Sofia air pollution crisis: Mayor tells residents to stay inside

Written by on January 28, 2018 in Bulgaria - Comments Off on Sofia air pollution crisis: Mayor tells residents to stay inside

On Sunday morning, the air quality in the Bulgarian capital Sofia was still catastrophic. In virtually all parts of the city, the Particulate Matter (PM) concentration exceeded acceptable levels by far.

In the very centre of Sofia, the PM10 concentration was up to 466µg/m³ (micrograms per cubic metre), while nobody should be breathing air with more than 50µg/m³.

In the Losenets neighbourhood, 578µg/m³ were measured, in Krasna Polyana 678µg/m³, in Orlandovtsi 769µg/m³, in Vrashdebna 864µg/m³, and in Lagera 643µg/m³. The concentration of the even more dangerous PM2.5 was also extremely high, according to Air BG.

For days, there was no spot in Sofia, in which breathing would have been healthy. The exact opposite is the case. Breathing this kind of air can lead to strokes, respiratory diseases, heart disease and cancer.

On early Sunday morning, mayor Yordanka Fandukova introduced an actual measure against the dirty air. She said a Green Ticket for Sofia’s public transport was now available.

The Green Ticket costs 1 lev (0.51 euro). It is valid for the entire public transport system for one entire day. With this measure, Sofia Municipality is trying to make residents use public transport, rather than their cars.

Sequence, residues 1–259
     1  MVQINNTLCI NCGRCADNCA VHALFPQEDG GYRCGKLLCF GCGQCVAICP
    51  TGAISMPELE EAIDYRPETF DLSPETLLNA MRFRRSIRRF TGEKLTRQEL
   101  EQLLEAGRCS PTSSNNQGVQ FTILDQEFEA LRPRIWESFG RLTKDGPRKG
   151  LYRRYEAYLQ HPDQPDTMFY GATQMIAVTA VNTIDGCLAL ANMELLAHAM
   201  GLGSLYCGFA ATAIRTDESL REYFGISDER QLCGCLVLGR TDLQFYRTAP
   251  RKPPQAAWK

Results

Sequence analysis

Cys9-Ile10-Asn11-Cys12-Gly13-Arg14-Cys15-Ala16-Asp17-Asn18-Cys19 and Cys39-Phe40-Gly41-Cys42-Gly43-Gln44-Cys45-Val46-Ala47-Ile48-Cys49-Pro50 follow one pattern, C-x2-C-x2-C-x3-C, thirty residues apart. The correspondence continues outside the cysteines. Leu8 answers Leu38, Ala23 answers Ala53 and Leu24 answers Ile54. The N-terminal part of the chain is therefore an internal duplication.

The Air BG map on Sunday morning.

Fandukova asked owners of cars with classes under Euro5, to “limit their movements”. In a statement on social media, she also said vehicle owners should not run their engines for longer than 3 minutes. It remained unclear what exactly she meant by that, since getting from A to B in 3 minutes is difficult in most cases.

In Bulgaria, vehicle classes such as Euro5 or Euro4 are hardly known, because so far nobody ever cared about the kind of exhaust gases they spread. Tens of thousands of old cars with old engines bought in Western European countries are moving on Bulgarian roads.

Fandukova also called on residents to use electrical appliances for heating their homes, rather that wood or coal.

And she said the advice doctors had for citizens with respiratory diseases, small children and elderly people was to avoid long stays outdoors. When walking, people should use routes which did not include the big boulevards, she stated.

The mayor knows breathing in the Bulgarian capital is actually dangerous these days. This year alone, this is already the second breathing air crisis in Sofia. The city always produces bad air in high concentrations. When there is no wind to blow it away, the situation escalates.

In Plovdiv, the breathing air was only a little better. The PM concentration measured on Sunday morning was up to seven times the highest recommended levels.

 

 

 

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